Vile Victoria’s Secret: Why This Company is Tearing Down Our Society by Meredith Prince

Vile Victoria’s Secret: Why This Company is Tearing Down Our Society

Victoria’s Secret Fashion Show: one of the most popular fashion shows in the nation. Millions of people throughout the country flick on their T.V. and wait intently for the different angels wearing fluorescent wings and stilleto kitten pumps to strut down the glamorized runway. Excitement pours out of people like sunshine through fine white linen. Every fiber in their bodies vibrates with anticipation to view the variety of outfits and models. Unfortunately, they aren’t going to be seeing much diversity within those models. Of all 14 angels, 12 are white, 14 are tall, 14 are skinny, and 14 have a “perfect” hourglass figure. Thousands of girls’ faces droop, filled with dismay, desolation and despondency. The giddiness they once had has managed to slip through every piece of them, and has been replaced with pure disappointment. Victoria’s Secret only glamorizes one type of body, making girls insecure about themselves, creates offensive campaigns, all making it a bad influence.

Victoria’s Secret only carries one type of model: your typical gorgeously tall, ultra lean woman with a busty physique. The majority of them don’t weigh over 95 pounds, The average 14 year old girl weighs 105 pounds. When a late teen/mid twenty model weighs less than you do, it doesn’t make you feel so great about yourself. This makes girls look down at the flashing numbers on their scale and fill with disappointment and sadness.Victoria’s Secret only makes one type of body seem “beautiful”, and totally ignores the fact that other body types exist and that all body types are beautiful. Although Victoria’s Secret models and angels all have the same figure, some people can see this as a good thing. A recent survey from She Knows found that women were, unsurprisingly, more likely to buy a product if they liked how women were portrayed in its advertisements. The company knows this, which is why they keep their ‘perfect’ models to appeal to the most females as they can. This does make sense, but don’t you think they will appeal to a wider audience if they widen the types of bodies they support? Besides, it’s the 21st century, when are we going to acknowledge that there is more than one “beautiful” body type?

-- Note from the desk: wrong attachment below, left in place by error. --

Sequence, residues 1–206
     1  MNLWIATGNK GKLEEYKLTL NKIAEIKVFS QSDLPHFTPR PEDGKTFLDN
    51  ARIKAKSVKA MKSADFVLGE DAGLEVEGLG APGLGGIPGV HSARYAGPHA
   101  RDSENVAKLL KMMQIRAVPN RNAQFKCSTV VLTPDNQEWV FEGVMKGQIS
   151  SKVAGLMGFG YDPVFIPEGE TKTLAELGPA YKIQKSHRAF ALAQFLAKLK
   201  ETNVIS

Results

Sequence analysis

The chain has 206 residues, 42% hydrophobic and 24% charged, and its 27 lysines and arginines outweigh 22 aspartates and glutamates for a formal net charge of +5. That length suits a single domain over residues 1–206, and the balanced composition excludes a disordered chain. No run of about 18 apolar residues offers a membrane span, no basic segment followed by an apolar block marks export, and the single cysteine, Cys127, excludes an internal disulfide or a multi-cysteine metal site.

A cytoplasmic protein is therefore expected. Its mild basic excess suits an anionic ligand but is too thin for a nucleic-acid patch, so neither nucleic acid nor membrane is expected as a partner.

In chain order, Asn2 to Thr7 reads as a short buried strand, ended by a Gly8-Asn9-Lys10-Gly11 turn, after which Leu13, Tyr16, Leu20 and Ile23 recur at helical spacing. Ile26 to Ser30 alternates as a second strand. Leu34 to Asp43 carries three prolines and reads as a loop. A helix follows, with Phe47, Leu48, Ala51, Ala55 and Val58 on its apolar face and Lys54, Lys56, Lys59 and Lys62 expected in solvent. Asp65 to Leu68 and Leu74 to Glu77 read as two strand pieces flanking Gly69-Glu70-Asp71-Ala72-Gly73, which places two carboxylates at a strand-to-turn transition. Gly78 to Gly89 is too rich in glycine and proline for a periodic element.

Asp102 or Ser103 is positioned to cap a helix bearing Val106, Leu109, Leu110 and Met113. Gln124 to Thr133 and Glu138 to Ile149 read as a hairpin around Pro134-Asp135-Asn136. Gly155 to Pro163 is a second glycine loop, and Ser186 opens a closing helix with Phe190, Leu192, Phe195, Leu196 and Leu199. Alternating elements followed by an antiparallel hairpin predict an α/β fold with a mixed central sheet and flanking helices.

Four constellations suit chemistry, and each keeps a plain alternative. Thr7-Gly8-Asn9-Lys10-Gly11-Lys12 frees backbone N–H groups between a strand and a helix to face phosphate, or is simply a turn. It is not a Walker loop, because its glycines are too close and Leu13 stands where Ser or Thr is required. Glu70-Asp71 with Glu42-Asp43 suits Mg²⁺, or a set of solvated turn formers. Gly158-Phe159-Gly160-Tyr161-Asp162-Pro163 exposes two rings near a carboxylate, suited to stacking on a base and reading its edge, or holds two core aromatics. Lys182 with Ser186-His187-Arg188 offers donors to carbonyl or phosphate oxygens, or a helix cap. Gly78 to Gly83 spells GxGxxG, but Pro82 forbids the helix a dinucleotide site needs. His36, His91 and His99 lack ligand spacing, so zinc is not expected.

When you walk into the wide glass doors of a VS store, you are immediately bombarded by wall-size photos of those reed thin, top heavy, beautiful models. And when you don’t exactly look like them, it can make you feel pretty bad about yourself. Women and girls-teenagers in particular- will see these bodies and wonder, “Why can’t I look like that, and what can I do to look like that?” The answer is clear. You cannot look like that because those bodies because they are physically unobtainable without a trustworthy plastic surgeon and some solid photoshopping software. I remember one time I went into the store with my friend. She had been self-conscious about her body, and seeing that the company only supported one body type made her feel even worse. It was hard for her to learn how to love herself and be proud of her body when these models all had the same “perfect” body that she didn’t have. These models make girls feel insecure about themselves, and make girls who are already insecure about themselves even MORE dissatisfied with their bodies.

The company raised online rage only a few months ago with their “The Perfect Body” campaign. The images that they used for this “Perfect Body” campaign were 10 models that all had that same body figure as explained above. No attempts at body diversity were made in the image. Even worse, these images suggested that these were what “perfect” bodies were supposed to be. Given that those models’ bodies are basically unobtainable, it seemed a little insulting to imply that women who didn’t share their exact measurements somehow have ‘imperfect’ bodies. This campaign made thousands of young girls look in the mirror each morning and feel dissatisfied with themselves. An online petition was made, requesting that the brand apologize and take responsibility for the unhealthy damaging message that their ‘Perfect Body’ campaign sends out about women’s boies. More than 33,000 signatures were gathered, but Victoria’s Secret only took minimal action. They changed the campaign name to “A Body For Every Body” (which still didn’t make a lot of sense given the narrow range of bodies depicted in the advertisement remained.) Even after this petition, they still did not add any different body types to this campaign.

Victoria’s Secret has mentioned that they are going to try to add more angels and models of different ethnicities, but if they are serious about diversifying their models, they might want to add different body types as well. Adding different body types will help all women feel better about themselves, make the modeling shows more interesting to watch, and help the company widen its audience. Imagine a new generation where young girls can open up a magazine and instead of pinching their stomach with disappointment, stare into a mirror and think “Wow, I am beautiful.” Imagine a society where everyone believes that they are beautiful and are proud to be in their own skin. But until Victoria’s Secret starts to take action and add different types of models, I refuse to watch their shows or buy their products, and maybe if we all do, we can convince them to make the change.

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